The most important events this week that could weigh on the movements of major currencies will be the final gross domestic product for the fourth quarter in the United States and the United Kingdom.
Noting that, political issues could have bigger impact on the currencies movements this week amid the escalating global trade war jitters.
The U.S. dollar remained under pressure last week due to fears of a global trade war and after the Federal Reserve’s interest rate hike decision.
President Donald Trump signed an executive memorandum that would implement tariffs on up to $60 billion in imports from China, where the later responded by announcing a list of 128 U.S. products as potential targets for tariffs imposition.
Hence, eyes will focus on any updates from the matter to see whether Trump would revise his tariffs policy or grant China a special treatment.
As for economic data, eyes will focus this week on the final fourth-quarter GDP, which may show an ease in expansion to an annual 2.4 percent, compared to both initial and third quarter growth rates of 2.5 percent and 3.2 percent respectively.
The core PCE inflation index may signal a 0.2 percent increase in February and a 1.5 percent soar on the annual basis.
The movements of the pound sterling this week will rely on important economic data including final fourth-quarter GDP.
The reading is likely to confirm a slowdown to 0.4 percent in the last three months of 2017, compared to 0.5 percent growth in the previous three months. The year-on-year reading may ease further to 1.4 percent from an initial of 1.7 percent.
The pound gained support last week after the release of upbeat U.K. economic data and as EU leaders approved guidelines for the negotiation of future relations with the UK after departing the union.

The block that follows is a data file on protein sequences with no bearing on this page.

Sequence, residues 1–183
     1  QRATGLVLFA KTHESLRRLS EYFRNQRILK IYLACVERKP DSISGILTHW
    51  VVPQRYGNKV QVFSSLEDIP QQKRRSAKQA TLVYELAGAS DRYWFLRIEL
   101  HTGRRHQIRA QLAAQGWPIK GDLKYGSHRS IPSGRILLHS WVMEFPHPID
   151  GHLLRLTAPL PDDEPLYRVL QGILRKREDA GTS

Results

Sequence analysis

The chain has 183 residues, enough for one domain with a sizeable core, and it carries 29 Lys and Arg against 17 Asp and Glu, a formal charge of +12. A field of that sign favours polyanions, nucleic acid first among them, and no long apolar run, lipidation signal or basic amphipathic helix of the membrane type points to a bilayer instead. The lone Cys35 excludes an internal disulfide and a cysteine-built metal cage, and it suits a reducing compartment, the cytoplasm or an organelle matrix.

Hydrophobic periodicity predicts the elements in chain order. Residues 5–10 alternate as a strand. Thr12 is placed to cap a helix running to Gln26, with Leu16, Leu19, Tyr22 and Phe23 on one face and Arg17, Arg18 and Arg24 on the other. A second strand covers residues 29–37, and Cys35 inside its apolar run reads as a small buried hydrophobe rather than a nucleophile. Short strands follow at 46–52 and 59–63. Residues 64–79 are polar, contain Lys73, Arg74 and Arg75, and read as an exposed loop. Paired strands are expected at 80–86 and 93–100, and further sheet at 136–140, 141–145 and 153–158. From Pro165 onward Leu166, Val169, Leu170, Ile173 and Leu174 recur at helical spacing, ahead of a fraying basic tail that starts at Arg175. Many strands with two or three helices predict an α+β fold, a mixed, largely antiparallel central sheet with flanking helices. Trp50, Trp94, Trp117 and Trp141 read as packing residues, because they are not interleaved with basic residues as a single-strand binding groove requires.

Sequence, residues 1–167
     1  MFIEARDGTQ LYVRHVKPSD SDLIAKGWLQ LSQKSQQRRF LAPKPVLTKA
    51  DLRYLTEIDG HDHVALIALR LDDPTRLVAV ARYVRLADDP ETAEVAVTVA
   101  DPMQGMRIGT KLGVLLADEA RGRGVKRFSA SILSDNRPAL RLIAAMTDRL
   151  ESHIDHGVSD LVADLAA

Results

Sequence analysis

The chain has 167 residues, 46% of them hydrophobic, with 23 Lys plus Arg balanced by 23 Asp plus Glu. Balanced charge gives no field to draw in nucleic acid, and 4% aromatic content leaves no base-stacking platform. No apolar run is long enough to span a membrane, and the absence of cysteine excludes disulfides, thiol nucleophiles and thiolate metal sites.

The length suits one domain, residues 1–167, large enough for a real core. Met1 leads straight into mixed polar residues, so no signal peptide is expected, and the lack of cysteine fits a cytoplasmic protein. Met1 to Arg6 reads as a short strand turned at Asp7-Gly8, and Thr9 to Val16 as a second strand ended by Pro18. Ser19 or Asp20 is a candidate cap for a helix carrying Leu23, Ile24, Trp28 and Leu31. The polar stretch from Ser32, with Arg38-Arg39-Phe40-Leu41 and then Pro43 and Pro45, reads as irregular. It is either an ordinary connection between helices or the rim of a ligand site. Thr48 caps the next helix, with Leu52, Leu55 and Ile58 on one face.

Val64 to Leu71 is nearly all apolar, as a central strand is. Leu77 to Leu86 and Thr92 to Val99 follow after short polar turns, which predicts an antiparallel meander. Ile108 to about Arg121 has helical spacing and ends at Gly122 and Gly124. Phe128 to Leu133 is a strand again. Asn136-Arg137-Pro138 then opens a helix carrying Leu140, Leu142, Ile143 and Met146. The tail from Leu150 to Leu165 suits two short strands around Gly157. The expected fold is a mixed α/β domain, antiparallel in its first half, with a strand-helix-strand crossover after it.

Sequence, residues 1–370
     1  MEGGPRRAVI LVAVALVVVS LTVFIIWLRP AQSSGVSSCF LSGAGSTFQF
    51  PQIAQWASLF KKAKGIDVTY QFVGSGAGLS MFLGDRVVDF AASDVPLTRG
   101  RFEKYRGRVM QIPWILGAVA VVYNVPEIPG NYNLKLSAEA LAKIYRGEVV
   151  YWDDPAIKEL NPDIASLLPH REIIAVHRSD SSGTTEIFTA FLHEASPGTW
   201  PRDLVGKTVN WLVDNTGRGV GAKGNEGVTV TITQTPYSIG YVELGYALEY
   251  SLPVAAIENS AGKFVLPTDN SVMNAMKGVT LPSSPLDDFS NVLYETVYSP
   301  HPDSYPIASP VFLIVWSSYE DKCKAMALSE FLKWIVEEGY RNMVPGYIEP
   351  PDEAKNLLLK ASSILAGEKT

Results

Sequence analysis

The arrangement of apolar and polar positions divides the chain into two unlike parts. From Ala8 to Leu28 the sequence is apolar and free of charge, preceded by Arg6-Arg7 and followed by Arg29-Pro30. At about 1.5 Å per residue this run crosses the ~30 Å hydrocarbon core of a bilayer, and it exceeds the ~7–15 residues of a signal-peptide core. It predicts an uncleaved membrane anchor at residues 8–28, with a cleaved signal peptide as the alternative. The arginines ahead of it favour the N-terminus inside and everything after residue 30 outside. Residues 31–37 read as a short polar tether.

This week, the euro area lacks the release of important economic data, which may mean the euro would get its direction from the general sentiment in the market.
The euro escaped a fall the previous week as Trump temporarily exempted the EU from the U.S. import tariffs on steel and aluminum until May 1, 2018.
Gold posted its first weekly gain in five weeks last week, as worries about a global trade war propelled investors to flock to safe have assets.
The yellow metal also soared after the Fed’s rate hike decision since policymakers preserved their outlook for this year at three interest rate hikes.
Gold may squander its weekly gains this week in case there is an improvement in the sentiment, especially amid any positive news from Trump’s new tariffs imposed on China.
Regarding oil, it gained help from a statement by Saudi Arabian Energy Minister Khalid al-Falih, who said OPEC and Russia should extend the production curbs until 2019.
U.S. crude inventories may have dipped by 2.4 million barrels in the week ended March 23, following a 2.6 million barrel decrease a week earlier, the EIA government report may show this week. That could help oil prices to resume their rally.